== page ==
The most hotly-contested items on Florida's General Election ballot might not have anything to do with candidates. The fate of eleven constitutional amendments will be decided, and one of them – Amendment 4 – has stirred passions on both sides of the issue.
The proposal addresses items that hit close to home: property values, property taxes and homestead exemptions.
The Florida Association of Counties and Florida League of Cities oppose the measure. According to one study, Amendment 4 will reduce property tax revenue by nearly $2 billion over four years.
Bay County stands to lose up to $4 million, said Ed Smith, County Manager. "I think it's one of those things where it was a good idea to start and then has kind of gone into this area where we're creating a new tax class for certain citizens," said Smith. "I don't think it's a good idea."
The Bay County Association of Realtors has joined the state association in support of the amendment. "I believe that it will be a positive impact on Florida and will spur economic growth that we need," said Katie Patronis, the local association president.
Amendment 4 creates an additional homestead exemption for first time homebuyers, lowers the maximum yearly assessment increase on non-homestead properties from 10% to 5%, and gives state lawmakers authority to prevent assessment increases when property values decline.
Patronis said the cap on assessments will give owners of small businesses, commercial property, rental homes and non-homesteaded properties predictability. "They will be able to plan and budget because they will have the assurance that their property taxes will not go up more than five percent," she said.
Counties argue that the non-resident owner provision will shift the tax burden to the state's homeowners. "People who live here and own property here won't have this exemption, but snowbirds and people from out of state that own property will be eligible," said Smith.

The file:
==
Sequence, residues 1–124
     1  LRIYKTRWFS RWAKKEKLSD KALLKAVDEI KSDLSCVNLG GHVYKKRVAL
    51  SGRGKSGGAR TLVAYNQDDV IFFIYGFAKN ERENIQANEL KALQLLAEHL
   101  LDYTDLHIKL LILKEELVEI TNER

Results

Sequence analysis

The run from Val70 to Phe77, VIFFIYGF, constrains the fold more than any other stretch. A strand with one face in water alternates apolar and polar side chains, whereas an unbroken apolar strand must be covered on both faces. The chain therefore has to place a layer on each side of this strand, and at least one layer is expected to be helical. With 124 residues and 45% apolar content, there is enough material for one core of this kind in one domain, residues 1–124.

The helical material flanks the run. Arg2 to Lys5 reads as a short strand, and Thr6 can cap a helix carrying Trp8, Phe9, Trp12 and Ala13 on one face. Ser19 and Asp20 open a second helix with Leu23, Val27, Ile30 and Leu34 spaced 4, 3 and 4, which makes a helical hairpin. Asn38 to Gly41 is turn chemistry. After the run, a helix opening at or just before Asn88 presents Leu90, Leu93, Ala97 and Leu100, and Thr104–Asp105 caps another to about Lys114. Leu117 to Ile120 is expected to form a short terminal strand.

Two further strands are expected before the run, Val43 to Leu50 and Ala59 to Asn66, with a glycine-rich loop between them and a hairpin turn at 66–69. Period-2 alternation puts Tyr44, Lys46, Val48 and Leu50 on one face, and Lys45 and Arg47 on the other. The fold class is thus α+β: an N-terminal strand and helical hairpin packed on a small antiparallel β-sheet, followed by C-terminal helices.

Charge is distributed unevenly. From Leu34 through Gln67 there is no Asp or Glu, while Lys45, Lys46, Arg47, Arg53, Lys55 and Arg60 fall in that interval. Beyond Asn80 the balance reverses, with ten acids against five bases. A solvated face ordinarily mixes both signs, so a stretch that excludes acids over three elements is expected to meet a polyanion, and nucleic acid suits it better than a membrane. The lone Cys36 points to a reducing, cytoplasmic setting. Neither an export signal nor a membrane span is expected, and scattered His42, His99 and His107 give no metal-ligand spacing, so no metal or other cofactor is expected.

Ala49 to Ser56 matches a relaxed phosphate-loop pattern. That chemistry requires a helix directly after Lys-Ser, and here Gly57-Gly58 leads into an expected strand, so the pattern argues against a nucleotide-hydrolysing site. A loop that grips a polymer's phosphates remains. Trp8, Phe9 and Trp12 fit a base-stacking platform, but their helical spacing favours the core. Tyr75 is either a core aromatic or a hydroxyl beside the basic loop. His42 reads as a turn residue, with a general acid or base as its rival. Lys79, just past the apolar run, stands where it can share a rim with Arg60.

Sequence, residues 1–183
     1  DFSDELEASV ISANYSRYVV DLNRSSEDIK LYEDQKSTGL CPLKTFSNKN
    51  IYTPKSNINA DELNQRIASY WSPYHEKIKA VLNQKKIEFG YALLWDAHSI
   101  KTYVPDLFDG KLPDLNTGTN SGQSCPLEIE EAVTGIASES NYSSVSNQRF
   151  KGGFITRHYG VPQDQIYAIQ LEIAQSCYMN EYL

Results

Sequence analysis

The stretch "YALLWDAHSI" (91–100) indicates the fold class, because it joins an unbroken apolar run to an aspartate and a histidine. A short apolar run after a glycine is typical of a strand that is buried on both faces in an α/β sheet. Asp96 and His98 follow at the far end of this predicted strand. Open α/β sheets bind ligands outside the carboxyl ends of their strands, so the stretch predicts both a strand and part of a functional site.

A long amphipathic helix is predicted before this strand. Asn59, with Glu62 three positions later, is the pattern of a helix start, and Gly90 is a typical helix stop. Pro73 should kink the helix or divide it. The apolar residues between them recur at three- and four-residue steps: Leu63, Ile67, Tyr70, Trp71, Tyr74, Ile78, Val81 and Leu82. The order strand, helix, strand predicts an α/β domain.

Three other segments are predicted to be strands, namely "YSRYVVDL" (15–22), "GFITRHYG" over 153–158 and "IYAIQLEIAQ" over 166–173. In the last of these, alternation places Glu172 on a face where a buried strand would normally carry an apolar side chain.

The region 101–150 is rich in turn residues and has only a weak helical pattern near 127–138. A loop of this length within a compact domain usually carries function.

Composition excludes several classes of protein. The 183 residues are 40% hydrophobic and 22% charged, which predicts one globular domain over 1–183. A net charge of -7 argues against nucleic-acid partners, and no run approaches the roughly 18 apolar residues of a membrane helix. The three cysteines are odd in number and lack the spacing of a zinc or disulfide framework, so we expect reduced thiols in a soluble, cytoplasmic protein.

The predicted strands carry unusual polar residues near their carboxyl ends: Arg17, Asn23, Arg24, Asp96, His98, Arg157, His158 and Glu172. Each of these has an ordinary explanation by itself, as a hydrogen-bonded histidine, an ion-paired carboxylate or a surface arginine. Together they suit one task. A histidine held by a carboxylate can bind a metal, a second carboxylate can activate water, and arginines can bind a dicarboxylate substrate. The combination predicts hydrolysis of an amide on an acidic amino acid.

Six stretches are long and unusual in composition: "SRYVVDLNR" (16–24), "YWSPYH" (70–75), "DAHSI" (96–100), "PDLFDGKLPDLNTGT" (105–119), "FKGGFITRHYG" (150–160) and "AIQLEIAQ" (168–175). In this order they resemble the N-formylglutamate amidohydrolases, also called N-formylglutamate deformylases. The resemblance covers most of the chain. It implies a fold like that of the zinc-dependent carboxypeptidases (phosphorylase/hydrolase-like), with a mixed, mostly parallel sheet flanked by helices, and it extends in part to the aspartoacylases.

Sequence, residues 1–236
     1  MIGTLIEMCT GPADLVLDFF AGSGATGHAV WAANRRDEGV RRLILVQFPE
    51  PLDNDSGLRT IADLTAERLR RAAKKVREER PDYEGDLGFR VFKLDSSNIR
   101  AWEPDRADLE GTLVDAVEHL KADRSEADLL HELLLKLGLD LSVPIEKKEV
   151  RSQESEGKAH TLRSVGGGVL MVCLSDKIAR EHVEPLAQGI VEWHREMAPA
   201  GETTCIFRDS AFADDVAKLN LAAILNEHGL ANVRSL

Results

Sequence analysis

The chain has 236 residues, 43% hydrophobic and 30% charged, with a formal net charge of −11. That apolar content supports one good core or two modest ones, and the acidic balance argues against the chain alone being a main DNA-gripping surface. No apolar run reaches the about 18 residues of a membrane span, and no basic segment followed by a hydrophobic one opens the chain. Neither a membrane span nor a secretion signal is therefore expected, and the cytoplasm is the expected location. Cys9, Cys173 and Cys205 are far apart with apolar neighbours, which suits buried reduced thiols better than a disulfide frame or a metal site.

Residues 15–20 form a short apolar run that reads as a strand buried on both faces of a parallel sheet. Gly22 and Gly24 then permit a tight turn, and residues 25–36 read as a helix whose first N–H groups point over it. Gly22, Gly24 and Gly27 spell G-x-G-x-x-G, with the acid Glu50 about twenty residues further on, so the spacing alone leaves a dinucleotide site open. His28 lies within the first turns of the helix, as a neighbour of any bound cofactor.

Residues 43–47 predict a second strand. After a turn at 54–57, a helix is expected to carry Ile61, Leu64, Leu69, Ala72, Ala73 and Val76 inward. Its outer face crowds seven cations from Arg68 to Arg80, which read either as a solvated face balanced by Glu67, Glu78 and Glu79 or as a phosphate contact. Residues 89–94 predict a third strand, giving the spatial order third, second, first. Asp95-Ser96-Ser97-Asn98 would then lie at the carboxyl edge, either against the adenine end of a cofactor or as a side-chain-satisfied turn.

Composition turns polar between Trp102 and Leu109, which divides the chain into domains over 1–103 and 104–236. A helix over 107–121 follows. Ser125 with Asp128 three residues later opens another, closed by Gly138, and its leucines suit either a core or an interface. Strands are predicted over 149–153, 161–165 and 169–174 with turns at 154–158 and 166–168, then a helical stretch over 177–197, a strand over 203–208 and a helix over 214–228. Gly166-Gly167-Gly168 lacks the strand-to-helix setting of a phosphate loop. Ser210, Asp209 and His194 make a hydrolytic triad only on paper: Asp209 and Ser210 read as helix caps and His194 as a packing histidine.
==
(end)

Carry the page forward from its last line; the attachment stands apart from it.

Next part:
Patronis said she's okay with that. "We welcome those people to Bay County and the surrounding counties… and if they don't have any predictability, it's hard for them to make that decision to invest in a second home," Patronis said.
Bay County commissioners chose not to increase property taxes in 2013 and instead reduced the county budget by nearly $800,000 and eliminated 17 positions. Smith said state legislators who suggest increasing property taxes to offset Amendment 4's impact are out of touch. "That's easy for a state lawmaker to say, but it's a little more difficult at home when you're telling the folks that we're going to have to raise millage rates," he said. "There hasn't been an appetite for that for our board, so we'll probably have to look for additional cuts."
According to Florida TaxWatch, Amendment 4 would create more than 19,000 jobs, increase personal income by more than $5.3 billion, and lead to as many as 383,000 additional home sales during the ten year period following passage and implementation.
Patronis said concerns over higher taxes are overblown. "They do not have to raise taxes... if they choose to do that, that will be their decision," she said. "Will they have to adjust their budgets? Possibly, but each county and city will be able to look at that and do it on an as needed basis."
Amendment 4, like all eleven amendments on the November ballot, requires 60% voter approval for adoption.